THERE’S A HARSH MOMENT when you first get what it actually means to be a Peace Corps volunteer. Waking up in a pool of sweat as flies repeatedly landed on my face in a small Senegalese village in 2009, I realized that despite all the research and preparation I had undertaken in the months leading up to my departure, I’d never really had a clue as to what was in store.
I suppose I imagined myself dressed in ruggedly handsome khakis, a cold beer accompanying my five-o’clock shadow as I sat in some creaky-fan third-world bar after a day full of building wells and various other forms of “international developing.” While the reality proved far more rewarding (yet disappointingly short on cold drinks), it had little to do with the popular preconceptions and gushy, mango-filled volunteer testimonials that I read while forming my decision to join.
So, before you start envisioning yourself bringing development to the masses from a hammock in the remote wilderness, here are a few thoughts to consider on whether or not the Peace Corps is for you.
Step 1: Figure out your motives.
Noble as your enthusiasm to dedicate two years of your life to helping the less fortunate may be, most of us have other motives. Sure, altruism can be one reason, but despite what you may say in an interview, the true first step to volunteering is figuring out what exactly you want out of the Peace Corps service.
What new experiences are you looking to gain? What new skills are you hoping to learn? What new places do you want to explore? If you really are solely interested in dedicating your time to the service of others, I commend you for making me sound like an asshole, but Peace Corps might not be the best choice for you. Truth is, as a large portion of your time will be spent either sitting around waiting for things to happen or getting teased mercilessly because you don’t fit in, it would probably be best if you went and spent your virtuous energy building houses on some alternative spring break.
This is not to say that as a Peace Corps volunteer you will neither help others nor spend your time effectively. You will…mostly. But as much time as you spend “helping” your local community, a far greater amount will be spent awkwardly adapting to the culture and language, struggling to integrate, and surprising yourself with the significant connections you can forge with people of such wildly different backgrounds from anyone you’ve ever met.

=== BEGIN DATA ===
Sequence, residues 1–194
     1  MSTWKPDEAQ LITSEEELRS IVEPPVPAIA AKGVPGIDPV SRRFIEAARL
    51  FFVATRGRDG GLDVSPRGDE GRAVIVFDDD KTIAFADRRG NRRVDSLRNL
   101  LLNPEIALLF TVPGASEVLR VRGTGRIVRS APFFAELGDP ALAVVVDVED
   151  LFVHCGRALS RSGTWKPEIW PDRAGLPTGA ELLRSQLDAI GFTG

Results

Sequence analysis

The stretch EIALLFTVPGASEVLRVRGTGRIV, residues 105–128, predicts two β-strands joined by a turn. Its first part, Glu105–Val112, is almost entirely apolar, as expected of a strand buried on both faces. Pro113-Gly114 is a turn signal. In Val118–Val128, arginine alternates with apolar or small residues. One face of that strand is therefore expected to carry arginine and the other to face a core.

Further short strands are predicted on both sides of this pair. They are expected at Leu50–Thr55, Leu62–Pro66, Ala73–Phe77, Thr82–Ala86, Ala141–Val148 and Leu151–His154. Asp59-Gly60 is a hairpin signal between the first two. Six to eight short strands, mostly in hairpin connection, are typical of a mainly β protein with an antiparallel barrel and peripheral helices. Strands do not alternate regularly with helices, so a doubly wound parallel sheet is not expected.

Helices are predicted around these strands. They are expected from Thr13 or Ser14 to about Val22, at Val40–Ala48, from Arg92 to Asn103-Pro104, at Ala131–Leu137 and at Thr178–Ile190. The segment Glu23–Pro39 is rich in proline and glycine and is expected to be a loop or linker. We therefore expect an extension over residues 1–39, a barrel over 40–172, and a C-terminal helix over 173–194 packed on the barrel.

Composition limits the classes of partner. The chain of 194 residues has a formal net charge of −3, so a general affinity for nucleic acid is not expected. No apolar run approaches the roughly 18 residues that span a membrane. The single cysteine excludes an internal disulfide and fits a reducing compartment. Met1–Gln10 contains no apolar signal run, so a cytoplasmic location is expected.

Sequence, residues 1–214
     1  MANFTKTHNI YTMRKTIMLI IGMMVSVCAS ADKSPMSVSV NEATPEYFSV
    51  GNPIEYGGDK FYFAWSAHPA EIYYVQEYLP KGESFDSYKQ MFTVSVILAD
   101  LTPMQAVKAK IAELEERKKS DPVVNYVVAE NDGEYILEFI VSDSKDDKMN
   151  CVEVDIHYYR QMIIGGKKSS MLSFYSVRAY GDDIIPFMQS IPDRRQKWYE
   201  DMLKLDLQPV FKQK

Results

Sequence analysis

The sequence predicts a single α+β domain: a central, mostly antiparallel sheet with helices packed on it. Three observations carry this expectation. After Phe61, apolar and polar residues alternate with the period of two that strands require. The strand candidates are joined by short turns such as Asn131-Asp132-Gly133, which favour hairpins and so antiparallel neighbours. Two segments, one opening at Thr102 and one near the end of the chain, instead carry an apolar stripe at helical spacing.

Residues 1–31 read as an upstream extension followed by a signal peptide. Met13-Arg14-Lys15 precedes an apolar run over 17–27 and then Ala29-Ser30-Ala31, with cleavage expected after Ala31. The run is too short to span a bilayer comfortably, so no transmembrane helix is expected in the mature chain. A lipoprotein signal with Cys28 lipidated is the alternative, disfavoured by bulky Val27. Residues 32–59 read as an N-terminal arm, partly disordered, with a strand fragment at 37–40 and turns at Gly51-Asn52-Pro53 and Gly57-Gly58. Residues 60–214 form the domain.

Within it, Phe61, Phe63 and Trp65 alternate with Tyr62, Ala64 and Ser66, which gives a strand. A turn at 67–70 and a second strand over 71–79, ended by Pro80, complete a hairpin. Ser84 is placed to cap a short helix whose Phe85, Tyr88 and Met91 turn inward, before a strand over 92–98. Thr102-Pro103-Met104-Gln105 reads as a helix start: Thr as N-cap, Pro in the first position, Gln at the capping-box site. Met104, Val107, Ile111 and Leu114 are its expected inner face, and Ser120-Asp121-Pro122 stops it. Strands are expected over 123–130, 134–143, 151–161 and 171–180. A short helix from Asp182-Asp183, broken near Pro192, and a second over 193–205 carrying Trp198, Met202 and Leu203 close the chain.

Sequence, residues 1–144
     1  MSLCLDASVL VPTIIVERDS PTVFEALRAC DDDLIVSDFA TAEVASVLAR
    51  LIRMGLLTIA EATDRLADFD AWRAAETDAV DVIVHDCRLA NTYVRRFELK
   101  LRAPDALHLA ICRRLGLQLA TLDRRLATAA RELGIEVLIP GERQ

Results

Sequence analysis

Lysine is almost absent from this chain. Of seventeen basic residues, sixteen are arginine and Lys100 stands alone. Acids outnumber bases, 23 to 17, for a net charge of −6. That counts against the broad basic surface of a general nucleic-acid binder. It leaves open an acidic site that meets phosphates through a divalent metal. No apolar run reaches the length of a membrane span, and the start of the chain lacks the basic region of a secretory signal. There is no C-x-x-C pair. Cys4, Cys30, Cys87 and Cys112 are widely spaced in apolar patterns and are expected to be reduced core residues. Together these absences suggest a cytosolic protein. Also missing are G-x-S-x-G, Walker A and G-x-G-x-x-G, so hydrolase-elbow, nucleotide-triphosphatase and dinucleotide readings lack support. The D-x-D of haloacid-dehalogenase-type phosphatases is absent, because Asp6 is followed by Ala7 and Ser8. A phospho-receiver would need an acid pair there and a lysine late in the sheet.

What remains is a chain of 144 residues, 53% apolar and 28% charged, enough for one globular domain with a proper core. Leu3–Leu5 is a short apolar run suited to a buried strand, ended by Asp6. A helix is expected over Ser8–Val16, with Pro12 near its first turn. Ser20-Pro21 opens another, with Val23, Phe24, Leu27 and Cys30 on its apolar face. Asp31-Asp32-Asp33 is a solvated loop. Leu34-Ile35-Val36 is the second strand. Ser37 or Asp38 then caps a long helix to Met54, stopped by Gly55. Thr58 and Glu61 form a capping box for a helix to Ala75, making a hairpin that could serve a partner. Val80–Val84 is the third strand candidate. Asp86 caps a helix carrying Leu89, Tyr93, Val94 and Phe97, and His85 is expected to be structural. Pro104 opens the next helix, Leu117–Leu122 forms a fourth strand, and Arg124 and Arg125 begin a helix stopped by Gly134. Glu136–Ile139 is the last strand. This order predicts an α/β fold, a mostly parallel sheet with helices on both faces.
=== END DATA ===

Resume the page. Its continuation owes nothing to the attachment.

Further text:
So, think it over. If the language, people, and endless daily problem solving sound more tiring than exciting, but you really need a job out of college…realize that this probably won’t sustain you when you’re shitting yourself dry thanks to the parasites living in your drinking water.
Step 2: Don’t romanticize.
Yes, even just 15 years ago the average PC volunteer left their family and friends at home and traveled off to an exotic, faraway land not to be seen or heard from for the two years save for the occasional static-filled phone call.
Cell service is everywhere. The juxtaposition of a fancy mobile phone with intense mud-hut village poverty may seem ridiculous, but I guarantee at least one person in that village has a smart phone and there’s a good chance he’s got 3G too.
Volunteers themselves have changed as well. Several years ago, few volunteers had access to the internet, let alone their own computer. Now, almost 100% show up with a laptop and an overstocked hard drive of music, movies, and TV shows. Many will find that their new homes come with at least occasional electricity and possibly even running water (as of 2008, 82% and 73% of all volunteers, respectively).